I have a poem, which I wrote a few months ago. In fact, I have two very different versions of it (and various drafts for each).
One draft sprawls all over the place. There’s a television showing news from an unnamed city on which bombs are raining down in the dark. The poem moves to an afternoon beach scene, back to the living room and TV, then to the narrator and his computer, then a panning out to a telescopic view of the living room and TV, then right into the TV and onto a scene from the bombed city not seen onscreen. The common thread is the emotional distance and helplessness of the cut-off narrator.
The other version is much simpler and thematically coherent. It starts from the telescopic view of the room, moves to the TV, moves to the image not seen by the camera lens. The theme is similar, but more obvious. The emotional distance and helplessness of the narrator is shown purely between himself and the TV screen.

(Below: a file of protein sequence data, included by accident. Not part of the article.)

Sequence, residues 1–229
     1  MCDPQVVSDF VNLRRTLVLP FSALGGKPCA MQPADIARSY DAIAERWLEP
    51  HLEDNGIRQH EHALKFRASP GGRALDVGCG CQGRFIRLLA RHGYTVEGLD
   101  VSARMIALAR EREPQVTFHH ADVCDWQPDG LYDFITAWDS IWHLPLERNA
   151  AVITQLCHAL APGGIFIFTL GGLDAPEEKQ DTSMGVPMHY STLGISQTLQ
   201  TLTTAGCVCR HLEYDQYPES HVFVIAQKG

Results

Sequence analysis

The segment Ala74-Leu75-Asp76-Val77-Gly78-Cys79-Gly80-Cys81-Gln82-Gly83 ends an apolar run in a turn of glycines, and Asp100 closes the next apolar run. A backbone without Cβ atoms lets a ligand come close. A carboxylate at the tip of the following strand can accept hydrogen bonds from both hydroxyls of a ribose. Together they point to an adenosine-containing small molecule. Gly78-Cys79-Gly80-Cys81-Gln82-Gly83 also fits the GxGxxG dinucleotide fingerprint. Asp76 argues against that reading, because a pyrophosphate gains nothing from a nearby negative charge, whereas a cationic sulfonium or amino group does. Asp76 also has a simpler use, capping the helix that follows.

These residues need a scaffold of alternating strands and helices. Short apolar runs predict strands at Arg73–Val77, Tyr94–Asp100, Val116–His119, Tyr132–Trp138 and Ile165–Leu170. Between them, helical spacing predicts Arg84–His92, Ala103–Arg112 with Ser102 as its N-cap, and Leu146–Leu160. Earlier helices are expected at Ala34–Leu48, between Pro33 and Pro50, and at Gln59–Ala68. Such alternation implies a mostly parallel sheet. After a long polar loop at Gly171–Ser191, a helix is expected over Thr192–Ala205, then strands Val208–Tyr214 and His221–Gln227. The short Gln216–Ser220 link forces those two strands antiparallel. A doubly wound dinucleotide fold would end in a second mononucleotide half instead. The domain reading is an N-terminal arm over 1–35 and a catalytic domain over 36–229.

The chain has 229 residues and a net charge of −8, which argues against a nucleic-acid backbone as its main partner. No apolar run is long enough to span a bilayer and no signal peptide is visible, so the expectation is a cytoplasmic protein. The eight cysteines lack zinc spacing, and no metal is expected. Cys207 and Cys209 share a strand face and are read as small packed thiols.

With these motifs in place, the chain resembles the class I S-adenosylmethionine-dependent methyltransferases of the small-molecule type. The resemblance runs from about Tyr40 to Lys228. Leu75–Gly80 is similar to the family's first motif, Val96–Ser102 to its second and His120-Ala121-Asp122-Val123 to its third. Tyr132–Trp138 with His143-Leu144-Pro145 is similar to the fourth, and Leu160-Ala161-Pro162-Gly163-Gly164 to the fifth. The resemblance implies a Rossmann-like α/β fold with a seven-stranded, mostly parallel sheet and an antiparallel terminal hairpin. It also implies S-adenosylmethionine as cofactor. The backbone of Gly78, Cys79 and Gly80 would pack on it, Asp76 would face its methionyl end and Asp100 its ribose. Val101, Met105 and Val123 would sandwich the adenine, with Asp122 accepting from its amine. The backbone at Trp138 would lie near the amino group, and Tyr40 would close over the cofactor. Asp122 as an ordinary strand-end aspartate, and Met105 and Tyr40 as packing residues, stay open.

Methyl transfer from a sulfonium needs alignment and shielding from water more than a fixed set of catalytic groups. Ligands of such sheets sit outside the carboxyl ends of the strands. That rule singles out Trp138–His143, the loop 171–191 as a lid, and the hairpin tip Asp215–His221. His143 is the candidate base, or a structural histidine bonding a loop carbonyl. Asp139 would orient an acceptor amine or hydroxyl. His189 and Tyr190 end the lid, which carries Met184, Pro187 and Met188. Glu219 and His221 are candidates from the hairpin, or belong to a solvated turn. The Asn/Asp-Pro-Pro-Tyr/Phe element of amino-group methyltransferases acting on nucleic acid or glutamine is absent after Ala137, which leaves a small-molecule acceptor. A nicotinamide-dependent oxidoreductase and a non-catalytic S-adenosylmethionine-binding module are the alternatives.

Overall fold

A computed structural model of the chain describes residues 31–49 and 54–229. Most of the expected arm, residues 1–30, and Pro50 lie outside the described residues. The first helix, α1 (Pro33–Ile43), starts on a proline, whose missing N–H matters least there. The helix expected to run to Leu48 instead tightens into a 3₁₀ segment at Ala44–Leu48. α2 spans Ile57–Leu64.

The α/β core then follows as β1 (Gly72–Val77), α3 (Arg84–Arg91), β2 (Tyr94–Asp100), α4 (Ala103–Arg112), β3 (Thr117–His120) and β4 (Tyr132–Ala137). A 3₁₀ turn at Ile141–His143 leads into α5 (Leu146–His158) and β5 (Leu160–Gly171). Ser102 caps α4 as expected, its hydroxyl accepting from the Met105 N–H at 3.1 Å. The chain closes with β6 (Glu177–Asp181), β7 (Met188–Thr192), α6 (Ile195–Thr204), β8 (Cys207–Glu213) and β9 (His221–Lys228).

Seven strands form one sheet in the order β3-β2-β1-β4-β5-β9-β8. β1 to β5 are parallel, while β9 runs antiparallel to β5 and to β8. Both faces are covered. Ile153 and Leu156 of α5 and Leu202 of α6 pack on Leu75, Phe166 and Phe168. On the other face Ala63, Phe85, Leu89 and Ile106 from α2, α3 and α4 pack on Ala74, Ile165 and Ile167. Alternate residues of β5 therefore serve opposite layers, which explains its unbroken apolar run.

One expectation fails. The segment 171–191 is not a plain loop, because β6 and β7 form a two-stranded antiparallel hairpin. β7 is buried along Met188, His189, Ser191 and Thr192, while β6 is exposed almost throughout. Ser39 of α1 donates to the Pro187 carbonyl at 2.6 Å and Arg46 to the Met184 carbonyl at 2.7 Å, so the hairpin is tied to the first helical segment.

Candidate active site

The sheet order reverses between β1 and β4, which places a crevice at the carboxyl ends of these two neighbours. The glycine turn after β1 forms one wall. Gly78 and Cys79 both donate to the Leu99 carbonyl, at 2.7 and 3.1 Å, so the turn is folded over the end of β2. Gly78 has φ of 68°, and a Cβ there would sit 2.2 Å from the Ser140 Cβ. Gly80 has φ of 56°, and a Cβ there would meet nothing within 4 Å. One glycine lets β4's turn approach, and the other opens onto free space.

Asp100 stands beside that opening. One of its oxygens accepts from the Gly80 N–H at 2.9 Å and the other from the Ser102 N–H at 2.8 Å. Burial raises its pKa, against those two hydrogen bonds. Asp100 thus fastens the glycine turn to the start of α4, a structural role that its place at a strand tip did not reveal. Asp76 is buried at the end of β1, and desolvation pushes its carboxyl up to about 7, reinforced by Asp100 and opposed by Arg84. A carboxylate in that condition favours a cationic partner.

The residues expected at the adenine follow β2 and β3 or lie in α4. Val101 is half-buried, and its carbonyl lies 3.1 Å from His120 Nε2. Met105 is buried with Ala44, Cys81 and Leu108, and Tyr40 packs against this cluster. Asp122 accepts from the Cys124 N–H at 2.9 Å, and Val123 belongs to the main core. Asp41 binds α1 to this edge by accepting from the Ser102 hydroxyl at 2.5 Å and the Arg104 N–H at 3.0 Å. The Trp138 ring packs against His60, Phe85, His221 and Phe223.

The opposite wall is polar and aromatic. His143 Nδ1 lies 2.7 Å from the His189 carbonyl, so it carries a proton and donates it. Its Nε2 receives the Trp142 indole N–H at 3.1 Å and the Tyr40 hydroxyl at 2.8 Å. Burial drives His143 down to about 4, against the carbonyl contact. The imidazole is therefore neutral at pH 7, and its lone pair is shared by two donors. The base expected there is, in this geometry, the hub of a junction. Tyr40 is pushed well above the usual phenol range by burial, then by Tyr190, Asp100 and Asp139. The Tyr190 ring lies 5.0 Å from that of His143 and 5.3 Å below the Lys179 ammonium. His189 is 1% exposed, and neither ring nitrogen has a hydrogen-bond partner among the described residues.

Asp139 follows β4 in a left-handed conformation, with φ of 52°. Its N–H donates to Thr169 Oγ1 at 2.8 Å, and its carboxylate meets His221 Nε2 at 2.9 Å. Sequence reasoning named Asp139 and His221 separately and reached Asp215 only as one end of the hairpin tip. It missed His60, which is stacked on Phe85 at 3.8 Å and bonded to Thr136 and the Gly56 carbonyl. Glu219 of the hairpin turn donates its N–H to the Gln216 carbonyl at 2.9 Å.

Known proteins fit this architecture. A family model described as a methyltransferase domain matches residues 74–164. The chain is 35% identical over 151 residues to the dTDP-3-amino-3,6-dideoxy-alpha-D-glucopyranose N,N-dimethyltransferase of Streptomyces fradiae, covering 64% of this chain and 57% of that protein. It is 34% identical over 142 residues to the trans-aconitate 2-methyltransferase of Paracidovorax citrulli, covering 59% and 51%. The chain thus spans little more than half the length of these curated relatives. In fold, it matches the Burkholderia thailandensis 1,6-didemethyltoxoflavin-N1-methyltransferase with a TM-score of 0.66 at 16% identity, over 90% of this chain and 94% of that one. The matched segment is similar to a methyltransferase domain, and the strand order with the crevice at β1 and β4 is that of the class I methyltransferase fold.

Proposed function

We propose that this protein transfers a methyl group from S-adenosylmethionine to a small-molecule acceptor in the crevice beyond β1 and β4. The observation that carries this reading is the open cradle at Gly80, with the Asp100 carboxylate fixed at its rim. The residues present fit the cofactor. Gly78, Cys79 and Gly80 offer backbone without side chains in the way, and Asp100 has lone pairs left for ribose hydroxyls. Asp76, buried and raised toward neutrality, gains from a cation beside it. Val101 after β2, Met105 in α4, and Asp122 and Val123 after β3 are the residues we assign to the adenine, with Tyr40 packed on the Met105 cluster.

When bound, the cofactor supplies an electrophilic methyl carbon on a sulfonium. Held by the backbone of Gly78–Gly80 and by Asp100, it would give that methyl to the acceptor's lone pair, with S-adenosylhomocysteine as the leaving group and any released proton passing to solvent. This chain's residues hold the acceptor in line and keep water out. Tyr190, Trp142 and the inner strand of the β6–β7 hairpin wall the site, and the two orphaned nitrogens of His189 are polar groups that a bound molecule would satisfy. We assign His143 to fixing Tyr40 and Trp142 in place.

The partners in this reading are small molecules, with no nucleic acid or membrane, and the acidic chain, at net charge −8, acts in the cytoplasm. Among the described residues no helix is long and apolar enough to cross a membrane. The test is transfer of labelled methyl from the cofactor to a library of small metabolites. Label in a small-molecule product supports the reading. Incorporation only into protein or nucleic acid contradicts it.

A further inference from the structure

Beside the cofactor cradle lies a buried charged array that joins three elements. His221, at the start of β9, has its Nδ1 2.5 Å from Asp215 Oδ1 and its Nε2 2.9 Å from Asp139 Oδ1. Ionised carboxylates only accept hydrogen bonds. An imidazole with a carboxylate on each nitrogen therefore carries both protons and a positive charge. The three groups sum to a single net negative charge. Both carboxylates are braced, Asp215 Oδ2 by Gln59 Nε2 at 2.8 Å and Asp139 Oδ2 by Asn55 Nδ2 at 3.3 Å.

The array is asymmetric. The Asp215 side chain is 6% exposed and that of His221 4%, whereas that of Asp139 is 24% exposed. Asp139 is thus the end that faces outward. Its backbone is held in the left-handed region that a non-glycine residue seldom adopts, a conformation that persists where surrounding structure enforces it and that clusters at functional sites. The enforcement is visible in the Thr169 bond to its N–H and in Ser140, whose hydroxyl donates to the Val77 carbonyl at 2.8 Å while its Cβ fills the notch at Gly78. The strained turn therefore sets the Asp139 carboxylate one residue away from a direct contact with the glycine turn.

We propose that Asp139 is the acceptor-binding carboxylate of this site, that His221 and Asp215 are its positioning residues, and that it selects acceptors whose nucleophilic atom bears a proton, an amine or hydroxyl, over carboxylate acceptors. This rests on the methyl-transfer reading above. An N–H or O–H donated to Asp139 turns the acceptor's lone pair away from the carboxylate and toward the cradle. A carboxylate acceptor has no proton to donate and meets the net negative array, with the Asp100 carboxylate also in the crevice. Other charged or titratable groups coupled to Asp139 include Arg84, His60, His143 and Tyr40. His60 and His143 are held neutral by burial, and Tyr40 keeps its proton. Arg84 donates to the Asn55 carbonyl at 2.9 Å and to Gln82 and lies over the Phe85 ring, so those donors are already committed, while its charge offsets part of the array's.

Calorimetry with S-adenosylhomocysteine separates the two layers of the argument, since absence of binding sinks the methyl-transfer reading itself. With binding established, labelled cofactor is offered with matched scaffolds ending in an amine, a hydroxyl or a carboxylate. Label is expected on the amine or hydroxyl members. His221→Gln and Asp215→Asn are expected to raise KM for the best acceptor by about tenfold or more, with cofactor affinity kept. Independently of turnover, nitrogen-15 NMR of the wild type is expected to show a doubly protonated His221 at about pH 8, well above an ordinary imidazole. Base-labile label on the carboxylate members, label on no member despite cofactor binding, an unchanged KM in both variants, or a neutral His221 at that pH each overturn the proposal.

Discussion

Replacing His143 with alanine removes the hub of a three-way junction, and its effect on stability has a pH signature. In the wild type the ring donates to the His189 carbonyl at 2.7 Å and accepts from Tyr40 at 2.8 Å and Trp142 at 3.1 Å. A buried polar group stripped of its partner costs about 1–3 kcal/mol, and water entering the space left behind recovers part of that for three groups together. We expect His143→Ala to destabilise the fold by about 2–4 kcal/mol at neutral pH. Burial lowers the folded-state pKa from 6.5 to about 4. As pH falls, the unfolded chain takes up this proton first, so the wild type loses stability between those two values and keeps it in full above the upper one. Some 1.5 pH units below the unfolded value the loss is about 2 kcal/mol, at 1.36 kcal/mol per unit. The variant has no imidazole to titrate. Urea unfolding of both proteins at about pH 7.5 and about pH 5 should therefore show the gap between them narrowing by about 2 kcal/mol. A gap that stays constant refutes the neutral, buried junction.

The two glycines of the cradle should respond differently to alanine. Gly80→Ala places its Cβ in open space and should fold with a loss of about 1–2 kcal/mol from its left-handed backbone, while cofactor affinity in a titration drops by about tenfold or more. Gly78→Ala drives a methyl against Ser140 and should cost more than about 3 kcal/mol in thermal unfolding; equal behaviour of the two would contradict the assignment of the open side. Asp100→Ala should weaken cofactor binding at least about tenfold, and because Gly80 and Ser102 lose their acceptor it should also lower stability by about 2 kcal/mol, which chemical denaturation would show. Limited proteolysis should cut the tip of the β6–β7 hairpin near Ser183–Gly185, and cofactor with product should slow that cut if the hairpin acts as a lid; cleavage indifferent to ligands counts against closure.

This second version is much more direct, has a logical linear progression, and is much easier to understand on a single reading. It's how a textbook might tell you to write a poem. The first version makes more demands of a reader, is longer, and probably more puzzling.
I much prefer the first version. But perhaps that’s because I like being awkward and indirect. And maybe that’s not so much what readers like. Or editors.
It could also be that I am wrong and the second version is superior. Or it could be that neither version is any good!
Anyway, I’ll post both versions below, and leave them for 48 hours. Honest comments welcome.